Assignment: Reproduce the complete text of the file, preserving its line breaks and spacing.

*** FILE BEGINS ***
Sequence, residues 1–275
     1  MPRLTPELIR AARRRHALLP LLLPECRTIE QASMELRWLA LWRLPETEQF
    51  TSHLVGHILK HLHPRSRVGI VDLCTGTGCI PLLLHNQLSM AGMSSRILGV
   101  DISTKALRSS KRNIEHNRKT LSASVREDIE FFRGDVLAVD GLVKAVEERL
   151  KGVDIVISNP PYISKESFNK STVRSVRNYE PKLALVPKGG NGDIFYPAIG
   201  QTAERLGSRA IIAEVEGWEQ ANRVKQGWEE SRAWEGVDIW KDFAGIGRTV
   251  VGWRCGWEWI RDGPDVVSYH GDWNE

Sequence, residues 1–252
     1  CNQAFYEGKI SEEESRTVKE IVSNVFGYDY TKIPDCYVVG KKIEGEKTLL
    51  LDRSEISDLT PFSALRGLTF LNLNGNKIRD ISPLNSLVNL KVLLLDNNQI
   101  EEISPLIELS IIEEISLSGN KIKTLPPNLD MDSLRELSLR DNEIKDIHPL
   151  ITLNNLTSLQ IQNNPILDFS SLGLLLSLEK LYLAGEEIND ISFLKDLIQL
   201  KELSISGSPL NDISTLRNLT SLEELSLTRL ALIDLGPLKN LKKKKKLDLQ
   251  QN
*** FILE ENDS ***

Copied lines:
Sequence, residues 1–275
     1  MPRLTPELIR AARRRHALLP LLLPECRTIE QASMELRWLA LWRLPETEQF
    51  TSHLVGHILK HLHPRSRVGI VDLCTGTGCI PLLLHNQLSM AGMSSRILGV
   101  DISTKALRSS KRNIEHNRKT LSASVREDIE FFRGDVLAVD GLVKAVEERL
   151  KGVDIVISNP PYISKESFNK STVRSVRNYE PKLALVPKGG NGDIFYPAIG
   201  QTAERLGSRA IIAEVEGWEQ ANRVKQGWEE SRAWEGVDIW KDFAGIGRTV
   251  VGWRCGWEWI RDGPDVVSYH GDWNE

Sequence, residues 1–252
     1  CNQAFYEGKI SEEESRTVKE IVSNVFGYDY TKIPDCYVVG KKIEGEKTLL
    51  LDRSEISDLT PFSALRGLTF LNLNGNKIRD ISPLNSLVNL KVLLLDNNQI
   101  EEISPLIELS IIEEISLSGN KIKTLPPNLD MDSLRELSLR DNEIKDIHPL
   151  ITLNNLTSLQ IQNNPILDFS SLGLLLSLEK LYLAGEEIND ISFLKDLIQL
   201  KELSISGSPL NDISTLRNLT SLEELSLTRL ALIDLGPLKN LKKKKKLDLQ
   251  QN